Write your mind

IF YOGA AND MEDITATION ARE CENTRAL practices in your life, then you know their potential to help you still your mind and get present. Writing holds the same promise, says Elena Brower, a yoga and meditation teacher in New York City. “Every time I have been in a tough spot or can’t make sense of a particular event, I turn to my journal,” she says. “Once I organise my thoughts, I’m more capable of accessing the lesson that’s hidden within whatever I’m facing.” If you’d love to write but something’s holding you back, follow Brower’s tips for finding your flow:

Create a cosy writing space

Set aside a corner of your desk that you keep clean for journaling, or place a candle next to your comfiest chair to light when you’re ready to start writing. No matter where you choose to write, do it in a space that feels special and inviting.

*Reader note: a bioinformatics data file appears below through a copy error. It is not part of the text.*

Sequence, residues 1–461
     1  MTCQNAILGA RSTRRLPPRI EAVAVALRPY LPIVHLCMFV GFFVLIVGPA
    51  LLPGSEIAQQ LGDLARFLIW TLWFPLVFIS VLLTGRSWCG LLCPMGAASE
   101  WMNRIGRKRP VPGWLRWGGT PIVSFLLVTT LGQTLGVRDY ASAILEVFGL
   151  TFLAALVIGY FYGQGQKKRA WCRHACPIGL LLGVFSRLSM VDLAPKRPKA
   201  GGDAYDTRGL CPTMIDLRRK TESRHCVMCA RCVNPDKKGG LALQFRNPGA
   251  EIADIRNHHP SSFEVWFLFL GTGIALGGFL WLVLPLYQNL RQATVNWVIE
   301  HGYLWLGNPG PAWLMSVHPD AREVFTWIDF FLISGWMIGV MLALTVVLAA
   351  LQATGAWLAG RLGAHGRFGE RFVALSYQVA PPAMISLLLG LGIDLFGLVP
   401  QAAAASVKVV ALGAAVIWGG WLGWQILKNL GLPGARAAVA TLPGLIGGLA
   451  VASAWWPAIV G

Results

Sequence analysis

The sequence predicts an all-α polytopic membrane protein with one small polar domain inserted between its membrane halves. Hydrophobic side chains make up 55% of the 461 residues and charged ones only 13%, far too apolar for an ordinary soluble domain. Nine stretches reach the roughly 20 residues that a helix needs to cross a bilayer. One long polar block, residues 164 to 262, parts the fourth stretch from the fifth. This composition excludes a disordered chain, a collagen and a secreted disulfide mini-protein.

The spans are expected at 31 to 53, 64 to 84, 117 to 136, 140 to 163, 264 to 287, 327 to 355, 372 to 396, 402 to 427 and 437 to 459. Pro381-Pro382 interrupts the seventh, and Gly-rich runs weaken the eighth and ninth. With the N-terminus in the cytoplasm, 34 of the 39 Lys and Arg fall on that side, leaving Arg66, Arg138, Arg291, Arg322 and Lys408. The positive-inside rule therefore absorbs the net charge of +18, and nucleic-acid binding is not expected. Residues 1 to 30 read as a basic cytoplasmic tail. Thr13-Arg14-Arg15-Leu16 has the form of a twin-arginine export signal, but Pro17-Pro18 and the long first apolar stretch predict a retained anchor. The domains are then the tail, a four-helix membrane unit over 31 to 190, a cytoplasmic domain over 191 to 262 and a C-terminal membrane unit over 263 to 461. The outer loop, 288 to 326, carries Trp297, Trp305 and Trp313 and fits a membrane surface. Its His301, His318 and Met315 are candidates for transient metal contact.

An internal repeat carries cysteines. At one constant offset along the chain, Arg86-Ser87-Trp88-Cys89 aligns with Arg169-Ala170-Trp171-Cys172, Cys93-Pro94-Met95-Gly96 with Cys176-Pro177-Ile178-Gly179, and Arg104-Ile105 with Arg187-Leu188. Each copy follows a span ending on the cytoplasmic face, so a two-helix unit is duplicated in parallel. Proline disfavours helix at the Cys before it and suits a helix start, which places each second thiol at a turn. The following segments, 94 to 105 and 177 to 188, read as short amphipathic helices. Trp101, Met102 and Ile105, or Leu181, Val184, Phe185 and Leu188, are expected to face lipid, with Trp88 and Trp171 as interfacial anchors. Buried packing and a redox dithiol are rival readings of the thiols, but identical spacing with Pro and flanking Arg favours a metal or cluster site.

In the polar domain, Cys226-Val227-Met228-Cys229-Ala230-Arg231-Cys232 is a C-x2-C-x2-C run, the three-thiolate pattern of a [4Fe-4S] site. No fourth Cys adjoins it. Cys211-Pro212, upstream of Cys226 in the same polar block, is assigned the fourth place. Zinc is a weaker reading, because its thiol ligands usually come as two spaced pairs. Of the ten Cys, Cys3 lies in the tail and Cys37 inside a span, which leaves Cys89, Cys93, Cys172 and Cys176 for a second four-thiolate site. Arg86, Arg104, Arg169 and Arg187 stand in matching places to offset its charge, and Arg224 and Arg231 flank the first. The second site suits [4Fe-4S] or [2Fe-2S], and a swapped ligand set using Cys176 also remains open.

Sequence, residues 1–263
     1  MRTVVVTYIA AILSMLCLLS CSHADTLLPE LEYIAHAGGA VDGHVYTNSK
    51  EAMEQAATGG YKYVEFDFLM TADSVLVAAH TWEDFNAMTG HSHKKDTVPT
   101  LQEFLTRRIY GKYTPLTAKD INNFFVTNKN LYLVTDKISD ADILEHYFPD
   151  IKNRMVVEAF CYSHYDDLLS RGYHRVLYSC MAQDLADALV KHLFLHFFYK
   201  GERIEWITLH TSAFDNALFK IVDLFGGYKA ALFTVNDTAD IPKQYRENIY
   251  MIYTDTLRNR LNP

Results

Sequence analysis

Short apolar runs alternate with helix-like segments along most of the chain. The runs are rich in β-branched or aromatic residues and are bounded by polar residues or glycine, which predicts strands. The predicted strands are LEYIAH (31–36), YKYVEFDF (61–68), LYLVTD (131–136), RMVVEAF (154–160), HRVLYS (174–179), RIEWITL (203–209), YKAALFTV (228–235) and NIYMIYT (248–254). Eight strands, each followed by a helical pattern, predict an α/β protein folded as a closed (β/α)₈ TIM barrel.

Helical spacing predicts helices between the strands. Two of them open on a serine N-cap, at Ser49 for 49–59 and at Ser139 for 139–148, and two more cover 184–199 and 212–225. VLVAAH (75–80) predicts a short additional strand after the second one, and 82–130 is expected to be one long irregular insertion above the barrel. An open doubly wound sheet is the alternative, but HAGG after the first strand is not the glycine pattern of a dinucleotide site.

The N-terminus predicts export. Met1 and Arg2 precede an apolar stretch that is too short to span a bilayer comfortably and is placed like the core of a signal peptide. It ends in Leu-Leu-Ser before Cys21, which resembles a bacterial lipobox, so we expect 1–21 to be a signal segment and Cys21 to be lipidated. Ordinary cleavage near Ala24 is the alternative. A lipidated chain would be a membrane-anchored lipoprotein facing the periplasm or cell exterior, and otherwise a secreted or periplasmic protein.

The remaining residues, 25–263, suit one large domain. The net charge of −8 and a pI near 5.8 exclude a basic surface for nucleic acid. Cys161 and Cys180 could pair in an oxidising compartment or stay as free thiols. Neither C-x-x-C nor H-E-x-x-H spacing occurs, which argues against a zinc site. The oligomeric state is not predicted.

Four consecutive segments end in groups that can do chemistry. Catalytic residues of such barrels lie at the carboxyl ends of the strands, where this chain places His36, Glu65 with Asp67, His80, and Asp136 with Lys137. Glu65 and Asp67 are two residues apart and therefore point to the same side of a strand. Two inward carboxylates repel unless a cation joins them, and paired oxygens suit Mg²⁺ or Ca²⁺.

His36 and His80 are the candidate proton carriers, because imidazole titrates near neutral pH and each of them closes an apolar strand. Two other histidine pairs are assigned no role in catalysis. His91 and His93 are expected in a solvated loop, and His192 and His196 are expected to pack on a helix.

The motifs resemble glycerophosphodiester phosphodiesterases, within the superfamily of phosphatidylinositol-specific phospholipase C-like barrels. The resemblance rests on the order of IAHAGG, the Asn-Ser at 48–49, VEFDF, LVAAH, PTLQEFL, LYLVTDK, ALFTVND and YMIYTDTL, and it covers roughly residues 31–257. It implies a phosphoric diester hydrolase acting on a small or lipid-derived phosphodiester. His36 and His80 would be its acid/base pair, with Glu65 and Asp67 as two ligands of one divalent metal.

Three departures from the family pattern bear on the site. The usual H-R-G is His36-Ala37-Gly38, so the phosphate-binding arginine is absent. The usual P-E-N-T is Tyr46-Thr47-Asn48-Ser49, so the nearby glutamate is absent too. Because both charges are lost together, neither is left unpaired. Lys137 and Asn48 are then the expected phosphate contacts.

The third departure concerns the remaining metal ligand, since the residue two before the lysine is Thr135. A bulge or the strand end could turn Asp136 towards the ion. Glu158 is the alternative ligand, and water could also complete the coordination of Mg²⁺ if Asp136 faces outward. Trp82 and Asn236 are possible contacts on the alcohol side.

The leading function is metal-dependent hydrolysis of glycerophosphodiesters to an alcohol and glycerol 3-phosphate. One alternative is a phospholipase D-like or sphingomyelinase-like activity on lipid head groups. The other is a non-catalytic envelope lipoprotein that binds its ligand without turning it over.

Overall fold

Choose your medium wisely

If the blank page intimidates you, buy a journal that has prompts, such as Brower’s new book, Practice You. It’s filled with instructions and inquiries that will inspire fresh perspectives and help you stay on track with your intentions.

Write before, or after, you meditate

Sometimes Brower writes before she sits—and it helps clear her headspace so her meditation feels easier. Other times, she finds writing comes more easily after meditating. Try both, and see which works best for you.

Resist the urge to edit yourself

“Go ahead and make a mess,” says Brower. If you begin writing from a place of uncertainty, just keep putting down your thoughts as they surface—don’t hesitate to consider what they mean. Instead, “trust that the mess will lead you to order,” says Brower, “and maybe even help you ascertain what to do next.”

You May Also Like...